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Gender-Based Harms in AI: Protecting Against Non-Consensual Image Alterations

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TL;DR

  • AI image editing can harm people by altering their appearance without permission, like what happened to Australian MP Georgie Purcell.
  • Non-consensual sexualized deepfake videos, mostly targeting women, are spreading rapidly, raising concerns globally.
  • Global cooperation and proactive measures are needed to combat the harmful effects of AI-generated content and protect individuals’ rights and safety.

Australian Member of Parliament Georgie Purcell recently raised concerns over a digitally altered image that distorted her body and removed parts of her clothing without her consent. This incident sheds light on the potential sexist and discriminatory consequences of unchecked AI technologies.

While often considered simple in everyday use, AI-assisted tools can inadvertently perpetuate societal biases. When instructed to edit photographs, these tools may enhance certain societal-endorsed attributes, such as youthfulness and sexualization, particularly prevalent in images of women.

A significant concern arises with the proliferation of sexualized deepfake content, predominantly targeting women. Reports indicate that a staggering 90–95% of deepfake videos are non-consensual pornography, with around 90% featuring women as victims. Instances of non-consensual creation and sharing of sexualized deepfake imagery have surfaced globally, impacting individuals across various demographics, including young women and celebrities like Taylor Swift.

The need for global action

While legislative measures exist in some regions to address the non-consensual sharing of sexualized deepfakes, laws regarding their creation remain inconsistent, particularly in the United States. The lack of cohesive international regulations underscores the necessity for collective global action to combat this issue effectively.

Efforts to detect AI-generated content are challenged by advancing technologies and the increasing availability of apps facilitating the creation of sexually explicit content. However, placing sole blame on technology overlooks the responsibility of technology developers and digital platforms to prioritize user safety and rights.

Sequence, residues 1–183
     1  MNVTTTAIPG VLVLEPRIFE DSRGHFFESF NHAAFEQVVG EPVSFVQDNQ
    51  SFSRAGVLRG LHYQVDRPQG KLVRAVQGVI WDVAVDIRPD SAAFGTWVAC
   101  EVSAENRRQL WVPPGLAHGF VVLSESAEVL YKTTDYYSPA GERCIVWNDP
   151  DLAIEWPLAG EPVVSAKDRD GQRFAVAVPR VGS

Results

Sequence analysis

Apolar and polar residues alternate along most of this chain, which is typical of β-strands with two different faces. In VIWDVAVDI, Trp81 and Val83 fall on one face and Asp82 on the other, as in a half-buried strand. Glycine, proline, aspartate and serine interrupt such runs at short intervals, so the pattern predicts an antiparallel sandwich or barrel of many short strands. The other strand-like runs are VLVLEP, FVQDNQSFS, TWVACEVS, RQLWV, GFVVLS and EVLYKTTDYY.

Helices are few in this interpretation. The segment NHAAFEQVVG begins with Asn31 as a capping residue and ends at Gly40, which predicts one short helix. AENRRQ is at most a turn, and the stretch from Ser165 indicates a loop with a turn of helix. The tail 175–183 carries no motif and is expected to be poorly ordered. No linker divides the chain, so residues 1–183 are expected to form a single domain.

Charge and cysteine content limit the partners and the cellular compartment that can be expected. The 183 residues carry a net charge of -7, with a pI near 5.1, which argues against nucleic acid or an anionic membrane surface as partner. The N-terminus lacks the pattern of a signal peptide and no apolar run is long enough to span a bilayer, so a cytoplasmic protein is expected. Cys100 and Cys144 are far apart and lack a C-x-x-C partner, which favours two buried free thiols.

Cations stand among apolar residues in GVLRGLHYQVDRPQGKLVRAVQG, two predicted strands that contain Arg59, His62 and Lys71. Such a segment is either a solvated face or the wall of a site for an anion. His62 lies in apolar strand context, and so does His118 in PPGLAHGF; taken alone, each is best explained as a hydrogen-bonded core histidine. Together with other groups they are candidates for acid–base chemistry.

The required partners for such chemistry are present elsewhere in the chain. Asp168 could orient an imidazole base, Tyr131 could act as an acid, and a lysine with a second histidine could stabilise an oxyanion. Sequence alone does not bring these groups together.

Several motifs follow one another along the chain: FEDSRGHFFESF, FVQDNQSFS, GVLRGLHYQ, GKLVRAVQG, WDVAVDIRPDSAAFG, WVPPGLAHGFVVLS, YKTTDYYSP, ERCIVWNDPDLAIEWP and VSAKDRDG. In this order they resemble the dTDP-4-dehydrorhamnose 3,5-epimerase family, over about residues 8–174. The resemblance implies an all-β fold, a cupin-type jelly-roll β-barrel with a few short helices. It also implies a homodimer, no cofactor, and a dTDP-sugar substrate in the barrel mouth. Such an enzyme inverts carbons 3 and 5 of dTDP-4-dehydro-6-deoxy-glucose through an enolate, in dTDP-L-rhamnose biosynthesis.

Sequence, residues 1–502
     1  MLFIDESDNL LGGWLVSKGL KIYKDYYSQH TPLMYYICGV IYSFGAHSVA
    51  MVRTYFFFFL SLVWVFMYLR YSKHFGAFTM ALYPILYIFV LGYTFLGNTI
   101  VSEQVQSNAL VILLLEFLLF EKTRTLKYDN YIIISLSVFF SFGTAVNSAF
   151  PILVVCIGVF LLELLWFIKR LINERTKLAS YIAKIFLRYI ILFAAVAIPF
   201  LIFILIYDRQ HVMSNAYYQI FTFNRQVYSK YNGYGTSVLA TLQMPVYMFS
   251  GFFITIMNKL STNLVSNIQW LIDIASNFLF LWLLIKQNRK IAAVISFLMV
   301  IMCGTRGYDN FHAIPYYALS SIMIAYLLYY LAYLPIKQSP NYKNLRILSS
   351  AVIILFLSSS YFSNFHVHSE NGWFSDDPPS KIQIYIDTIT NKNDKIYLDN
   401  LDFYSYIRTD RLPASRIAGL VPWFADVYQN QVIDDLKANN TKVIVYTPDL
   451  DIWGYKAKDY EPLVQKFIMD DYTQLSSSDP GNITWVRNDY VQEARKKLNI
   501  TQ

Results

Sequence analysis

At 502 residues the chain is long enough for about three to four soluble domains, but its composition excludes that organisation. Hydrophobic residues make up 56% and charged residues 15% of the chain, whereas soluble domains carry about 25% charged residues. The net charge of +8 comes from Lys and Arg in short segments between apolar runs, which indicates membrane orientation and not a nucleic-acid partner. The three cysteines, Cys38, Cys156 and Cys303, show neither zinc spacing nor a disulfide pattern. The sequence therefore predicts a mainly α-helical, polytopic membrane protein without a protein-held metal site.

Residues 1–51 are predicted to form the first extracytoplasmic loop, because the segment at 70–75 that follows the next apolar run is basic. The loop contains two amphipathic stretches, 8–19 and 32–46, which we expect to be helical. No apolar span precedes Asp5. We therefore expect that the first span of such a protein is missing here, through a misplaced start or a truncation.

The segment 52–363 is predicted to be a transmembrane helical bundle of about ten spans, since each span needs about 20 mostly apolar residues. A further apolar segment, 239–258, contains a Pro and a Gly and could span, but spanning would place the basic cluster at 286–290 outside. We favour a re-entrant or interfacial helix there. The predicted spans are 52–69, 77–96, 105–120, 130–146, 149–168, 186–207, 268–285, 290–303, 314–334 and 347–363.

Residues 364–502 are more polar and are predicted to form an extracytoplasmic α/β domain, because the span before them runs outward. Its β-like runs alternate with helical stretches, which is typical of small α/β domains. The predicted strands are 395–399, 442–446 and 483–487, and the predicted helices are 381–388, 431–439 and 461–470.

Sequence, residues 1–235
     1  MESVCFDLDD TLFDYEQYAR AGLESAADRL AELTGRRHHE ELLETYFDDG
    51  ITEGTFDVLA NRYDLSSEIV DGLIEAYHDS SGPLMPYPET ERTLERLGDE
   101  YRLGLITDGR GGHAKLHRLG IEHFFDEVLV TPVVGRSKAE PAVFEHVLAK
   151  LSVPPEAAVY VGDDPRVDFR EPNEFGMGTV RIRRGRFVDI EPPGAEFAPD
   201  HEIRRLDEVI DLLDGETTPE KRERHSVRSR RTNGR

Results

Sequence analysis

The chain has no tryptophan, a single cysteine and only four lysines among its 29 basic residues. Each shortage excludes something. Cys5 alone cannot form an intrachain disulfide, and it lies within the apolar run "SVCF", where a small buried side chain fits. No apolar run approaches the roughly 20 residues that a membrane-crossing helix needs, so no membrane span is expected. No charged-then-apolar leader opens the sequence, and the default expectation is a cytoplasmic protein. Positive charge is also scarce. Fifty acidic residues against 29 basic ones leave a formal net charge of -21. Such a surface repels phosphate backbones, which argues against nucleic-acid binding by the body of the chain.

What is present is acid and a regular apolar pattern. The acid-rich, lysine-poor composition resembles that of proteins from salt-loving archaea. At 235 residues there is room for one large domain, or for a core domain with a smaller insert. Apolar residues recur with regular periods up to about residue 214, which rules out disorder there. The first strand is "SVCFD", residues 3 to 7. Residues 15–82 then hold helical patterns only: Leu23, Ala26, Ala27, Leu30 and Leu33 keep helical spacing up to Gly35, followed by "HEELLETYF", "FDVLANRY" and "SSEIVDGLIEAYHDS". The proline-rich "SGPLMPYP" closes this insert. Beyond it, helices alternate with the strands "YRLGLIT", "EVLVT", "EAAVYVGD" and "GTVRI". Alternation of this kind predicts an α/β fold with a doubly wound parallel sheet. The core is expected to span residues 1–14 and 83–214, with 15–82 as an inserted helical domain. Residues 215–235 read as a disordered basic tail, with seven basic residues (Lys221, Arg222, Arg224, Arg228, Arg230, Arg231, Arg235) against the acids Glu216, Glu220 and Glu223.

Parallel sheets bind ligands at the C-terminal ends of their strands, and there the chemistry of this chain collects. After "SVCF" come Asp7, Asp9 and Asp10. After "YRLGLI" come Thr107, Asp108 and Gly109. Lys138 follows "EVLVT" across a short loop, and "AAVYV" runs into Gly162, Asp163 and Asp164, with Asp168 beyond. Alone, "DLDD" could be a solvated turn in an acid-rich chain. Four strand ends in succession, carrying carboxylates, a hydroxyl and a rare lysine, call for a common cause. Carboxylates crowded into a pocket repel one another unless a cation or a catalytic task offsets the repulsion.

Australia has taken steps to lead in this regard, with initiatives such as the Office of the eSafety Commissioner and national laws holding digital platforms accountable for preventing and removing non-consensual content. However, broader global collaboration and proactive measures are essential to mitigate the harms of non-consensual sexualized deepfakes effectively.

The unchecked use of AI in image editing and the proliferation of sexualized deepfake content poses significant challenges, necessitating comprehensive regulatory frameworks, and collective global action. By prioritizing user safety and rights in technology development and enforcement, societies can work towards mitigating the gender-based harms associated with AI-enabled abuses.

Disclaimer. The information provided is not trading advice. Cryptopolitan.com holds no liability for any investments made based on the information provided on this page. We strongly recommend independent research and/or consultation with a qualified professional before making any investment decisions.

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Brenda Kanana

Brenda Kanana is an accomplished and passionate writer specializing in the fascinating world of cryptocurrencies, Blockchain, NFT, and Artificial Intelligence (AI). With a profound understanding of blockchain technology and its implications, she is dedicated to demystifying complex concepts and delivering valuable insights to readers.

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